BANGKOK (AP) -- World stock markets were mostly lower Thursday after U.S. and Chinese data pointed to slower growth in the world's two biggest economies.
Analysts are concerned about a buildup of disappointing indicators from the two countries whose economic heft is critical to powering a global recovery. The latest alarm bells rang out of Washington on Wednesday with the release of employment and manufacturing growth that failed to live up to expectations.
European stock markets were mostly down in early trading. Britain's FTSE 100 fell 0.1 percent to 6,442.82. Germany's DAX rose less than 0.1 percent to 7,919.95. France's CAC-40 shed 0.2 percent at 3,848.38.
Wall Street appeared headed for early gains. Dow Jones industrial futures rose 0.2 percent to 14,667 and S&P 500 futures were 0.2 percent higher at 1,580.70.
Asian equity markets, many of which were closed Wednesday for a public holiday, fell as investors displayed caution ahead of Friday's release of U.S. employment figures April.
"Little change in market direction is expected today, with caution ahead of tomorrow's US jobs report," said analysts at Credit Agricole CIB in a commentary.
Japan's Nikkei 225 index fell 0.8 percent to close at 13,694.04. South Korea's Kospi lost 0.4 percent at 1,956.39. Australia's S&P/ASX 200 dropped 0.7 percent to 5,130.
Hong Kong's Hang Seng shed 0.3 percent to 22,668.30, driven by profit-taking after five days of gains, analysts said. Benchmarks in Singapore and Taiwan rose, while Indonesia fell. Mainland Chinese shares were mixed.
Data showing a deceleration in factory activity in the U.S. and China for April hurt investor sentiment.
Linus Yip, strategist at First Shanghai Securities in Hong Kong, said the Chinese numbers contained no real surprises and investors had simply set their expectations too high.
"Overall economic growth in mainland China is still on the right track, not too fast and not too slow," Yip said. "I don't think there is a major change in fundamentals. What changed is market sentiment."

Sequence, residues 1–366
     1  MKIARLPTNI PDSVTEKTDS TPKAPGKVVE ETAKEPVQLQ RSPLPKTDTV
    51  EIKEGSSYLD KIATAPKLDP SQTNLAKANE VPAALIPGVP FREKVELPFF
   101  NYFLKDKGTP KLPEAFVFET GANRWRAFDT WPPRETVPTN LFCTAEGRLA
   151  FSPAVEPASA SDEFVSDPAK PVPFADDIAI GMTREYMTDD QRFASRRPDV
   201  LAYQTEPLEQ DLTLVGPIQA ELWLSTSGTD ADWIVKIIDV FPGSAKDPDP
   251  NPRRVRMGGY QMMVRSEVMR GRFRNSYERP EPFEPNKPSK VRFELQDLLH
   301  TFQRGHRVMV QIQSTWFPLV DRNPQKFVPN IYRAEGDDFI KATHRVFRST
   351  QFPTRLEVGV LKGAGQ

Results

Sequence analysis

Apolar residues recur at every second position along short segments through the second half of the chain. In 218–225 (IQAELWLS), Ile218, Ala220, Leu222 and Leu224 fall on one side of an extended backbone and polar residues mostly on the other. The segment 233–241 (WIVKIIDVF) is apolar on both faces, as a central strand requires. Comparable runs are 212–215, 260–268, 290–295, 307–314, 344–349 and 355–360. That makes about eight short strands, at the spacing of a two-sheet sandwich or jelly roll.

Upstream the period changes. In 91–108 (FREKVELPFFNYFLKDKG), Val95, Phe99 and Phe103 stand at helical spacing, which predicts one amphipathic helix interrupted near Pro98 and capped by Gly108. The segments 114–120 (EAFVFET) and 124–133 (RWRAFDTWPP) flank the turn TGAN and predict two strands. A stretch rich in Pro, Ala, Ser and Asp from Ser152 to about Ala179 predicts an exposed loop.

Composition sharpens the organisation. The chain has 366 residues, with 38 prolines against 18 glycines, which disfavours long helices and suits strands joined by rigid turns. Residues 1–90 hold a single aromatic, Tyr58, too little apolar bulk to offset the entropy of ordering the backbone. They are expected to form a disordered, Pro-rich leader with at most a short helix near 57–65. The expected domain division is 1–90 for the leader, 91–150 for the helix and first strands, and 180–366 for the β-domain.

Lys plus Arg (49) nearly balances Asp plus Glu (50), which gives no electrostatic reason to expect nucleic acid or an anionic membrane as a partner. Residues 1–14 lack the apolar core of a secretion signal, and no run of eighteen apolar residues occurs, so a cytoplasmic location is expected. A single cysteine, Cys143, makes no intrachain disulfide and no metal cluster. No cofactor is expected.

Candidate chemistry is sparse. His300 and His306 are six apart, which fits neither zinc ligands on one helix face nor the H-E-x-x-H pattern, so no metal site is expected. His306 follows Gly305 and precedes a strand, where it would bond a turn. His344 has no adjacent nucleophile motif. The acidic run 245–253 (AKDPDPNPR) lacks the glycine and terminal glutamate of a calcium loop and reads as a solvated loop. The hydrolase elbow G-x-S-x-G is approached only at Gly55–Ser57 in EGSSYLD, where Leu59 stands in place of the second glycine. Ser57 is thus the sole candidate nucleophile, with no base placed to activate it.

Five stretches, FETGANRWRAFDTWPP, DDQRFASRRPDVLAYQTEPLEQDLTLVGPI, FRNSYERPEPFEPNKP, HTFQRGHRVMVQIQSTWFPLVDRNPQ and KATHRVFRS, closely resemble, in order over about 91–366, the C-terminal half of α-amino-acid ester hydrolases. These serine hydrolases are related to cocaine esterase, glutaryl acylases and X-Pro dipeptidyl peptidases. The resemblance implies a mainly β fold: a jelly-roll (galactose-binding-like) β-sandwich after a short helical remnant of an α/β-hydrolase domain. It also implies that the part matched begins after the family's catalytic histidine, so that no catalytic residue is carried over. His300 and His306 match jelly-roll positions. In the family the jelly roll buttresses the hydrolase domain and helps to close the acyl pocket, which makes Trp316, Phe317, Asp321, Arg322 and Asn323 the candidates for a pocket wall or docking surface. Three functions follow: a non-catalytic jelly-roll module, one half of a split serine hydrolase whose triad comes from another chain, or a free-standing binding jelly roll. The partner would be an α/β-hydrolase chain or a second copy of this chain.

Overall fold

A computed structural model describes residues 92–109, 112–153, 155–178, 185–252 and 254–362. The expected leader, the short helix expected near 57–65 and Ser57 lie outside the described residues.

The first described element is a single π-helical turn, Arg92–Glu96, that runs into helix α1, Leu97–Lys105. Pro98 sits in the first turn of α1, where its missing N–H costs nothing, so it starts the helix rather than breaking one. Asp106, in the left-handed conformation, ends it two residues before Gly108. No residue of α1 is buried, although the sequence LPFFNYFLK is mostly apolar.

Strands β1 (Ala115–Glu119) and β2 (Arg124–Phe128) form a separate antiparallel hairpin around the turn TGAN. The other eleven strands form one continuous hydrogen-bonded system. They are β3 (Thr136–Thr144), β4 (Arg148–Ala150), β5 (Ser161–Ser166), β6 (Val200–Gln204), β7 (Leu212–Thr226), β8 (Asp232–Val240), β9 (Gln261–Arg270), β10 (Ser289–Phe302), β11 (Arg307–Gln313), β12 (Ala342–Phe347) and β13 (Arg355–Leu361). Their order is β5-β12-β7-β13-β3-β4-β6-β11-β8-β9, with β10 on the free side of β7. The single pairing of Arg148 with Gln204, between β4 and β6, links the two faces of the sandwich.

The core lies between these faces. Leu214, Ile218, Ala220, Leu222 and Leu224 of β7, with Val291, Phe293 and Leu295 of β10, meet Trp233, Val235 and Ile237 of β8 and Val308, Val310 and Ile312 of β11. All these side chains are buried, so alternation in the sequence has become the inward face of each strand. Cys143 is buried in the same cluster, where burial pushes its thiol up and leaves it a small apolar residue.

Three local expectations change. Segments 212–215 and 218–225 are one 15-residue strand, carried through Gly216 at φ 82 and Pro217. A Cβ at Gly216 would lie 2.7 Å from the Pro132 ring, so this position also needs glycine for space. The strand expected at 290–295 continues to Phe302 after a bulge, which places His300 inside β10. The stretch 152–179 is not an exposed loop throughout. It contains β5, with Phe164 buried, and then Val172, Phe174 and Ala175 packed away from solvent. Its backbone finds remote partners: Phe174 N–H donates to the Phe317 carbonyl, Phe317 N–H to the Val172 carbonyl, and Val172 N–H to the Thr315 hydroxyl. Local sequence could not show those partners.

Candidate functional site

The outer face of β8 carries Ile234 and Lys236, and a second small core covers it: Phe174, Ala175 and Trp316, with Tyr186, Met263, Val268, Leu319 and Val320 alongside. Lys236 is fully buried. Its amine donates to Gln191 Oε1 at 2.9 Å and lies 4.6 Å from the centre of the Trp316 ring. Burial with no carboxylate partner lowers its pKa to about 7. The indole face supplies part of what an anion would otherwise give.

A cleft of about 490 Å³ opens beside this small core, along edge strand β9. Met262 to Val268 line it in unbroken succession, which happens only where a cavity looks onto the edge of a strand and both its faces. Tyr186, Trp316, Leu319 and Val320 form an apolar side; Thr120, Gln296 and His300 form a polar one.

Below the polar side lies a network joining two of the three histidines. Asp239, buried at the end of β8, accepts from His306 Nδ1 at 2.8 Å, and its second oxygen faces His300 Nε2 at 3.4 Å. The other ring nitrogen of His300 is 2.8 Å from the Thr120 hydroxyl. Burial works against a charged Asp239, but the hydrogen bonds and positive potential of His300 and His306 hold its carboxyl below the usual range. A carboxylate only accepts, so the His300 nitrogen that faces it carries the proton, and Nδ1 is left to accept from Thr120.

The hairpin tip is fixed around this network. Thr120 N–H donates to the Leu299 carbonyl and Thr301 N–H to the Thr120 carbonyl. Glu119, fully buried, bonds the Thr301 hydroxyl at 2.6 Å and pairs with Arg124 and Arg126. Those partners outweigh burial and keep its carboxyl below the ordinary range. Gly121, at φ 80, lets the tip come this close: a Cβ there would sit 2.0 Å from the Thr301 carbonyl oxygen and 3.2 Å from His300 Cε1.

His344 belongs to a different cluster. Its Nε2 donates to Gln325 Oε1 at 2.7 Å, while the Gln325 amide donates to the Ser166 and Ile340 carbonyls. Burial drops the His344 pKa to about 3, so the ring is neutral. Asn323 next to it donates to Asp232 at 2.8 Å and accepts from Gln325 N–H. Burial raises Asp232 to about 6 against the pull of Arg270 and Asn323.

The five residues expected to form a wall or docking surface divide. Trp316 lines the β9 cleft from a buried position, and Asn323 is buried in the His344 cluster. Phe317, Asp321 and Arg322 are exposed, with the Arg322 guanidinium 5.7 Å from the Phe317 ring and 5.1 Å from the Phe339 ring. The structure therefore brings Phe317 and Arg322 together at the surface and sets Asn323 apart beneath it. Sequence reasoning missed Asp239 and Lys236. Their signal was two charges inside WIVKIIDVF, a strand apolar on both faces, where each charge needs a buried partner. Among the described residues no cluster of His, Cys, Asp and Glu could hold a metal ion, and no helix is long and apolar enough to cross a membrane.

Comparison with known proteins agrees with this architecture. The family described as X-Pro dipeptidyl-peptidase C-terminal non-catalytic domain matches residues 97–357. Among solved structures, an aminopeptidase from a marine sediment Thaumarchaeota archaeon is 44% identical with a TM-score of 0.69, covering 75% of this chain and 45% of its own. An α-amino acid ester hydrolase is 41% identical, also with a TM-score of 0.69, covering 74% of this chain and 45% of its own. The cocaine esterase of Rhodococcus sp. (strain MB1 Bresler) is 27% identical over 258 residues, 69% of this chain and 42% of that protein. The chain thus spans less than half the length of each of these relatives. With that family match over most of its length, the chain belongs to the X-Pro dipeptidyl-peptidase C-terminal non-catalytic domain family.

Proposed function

Falling metals prices hurt resource-related shares. Japan's Nippon Steel & Sumitomo Metal Corp. fell 3.5 percent. Australia's Fortescue Metals Group lost 4.3 percent.
Later Thursday, the U.S. Labor Department will release weekly jobless claims. On the corporate side, General Motors Co., Kellogg Co. and Kraft Foods Group are among companies issuing quarterly financial results. And in Bratislava, Slovakia, the European Central Bank's governing council will meet to set monetary policy.
At the conclusion of a two-day meeting Wednesday, the Federal Reserve stuck to its plan to keep short-term interest rates at record lows until unemployment falls to 6.5 percent from its current 7.6 percent. And it said it will continue to buy $85 billion a month in Treasury and mortgage bonds to keep long-term borrowing costs down and encourage borrowing and spending.
U.S. factory activity expanded at a slower pace in April, held back by weaker hiring and less company stockpiling. The Institute for Supply Management said Wednesday that its index of manufacturing activity slipped to 50.7 last month. That's down from 51.3 in March and the slowest pace this year. A reading above 50 indicates expansion.
Meanwhile, a report Wednesday from payroll processor ADP said U.S. companies added just 119,000 jobs in April, the fewest in seven months. ADP also said that hiring in March was slower than first thought.
Benchmark oil for June delivery was up 16 cents to $91.19 per barrel in electronic trading on the New York Mercantile Exchange. The contract fell $2.43, or 2.6 percent, to finish at $91.03 a barrel on the Nymex on Wednesday.
In currencies, the euro fell to $1.3170 from $1.3210 late Wednesday in New York. The dollar fell to 97.26 yen from 97.51 yen.
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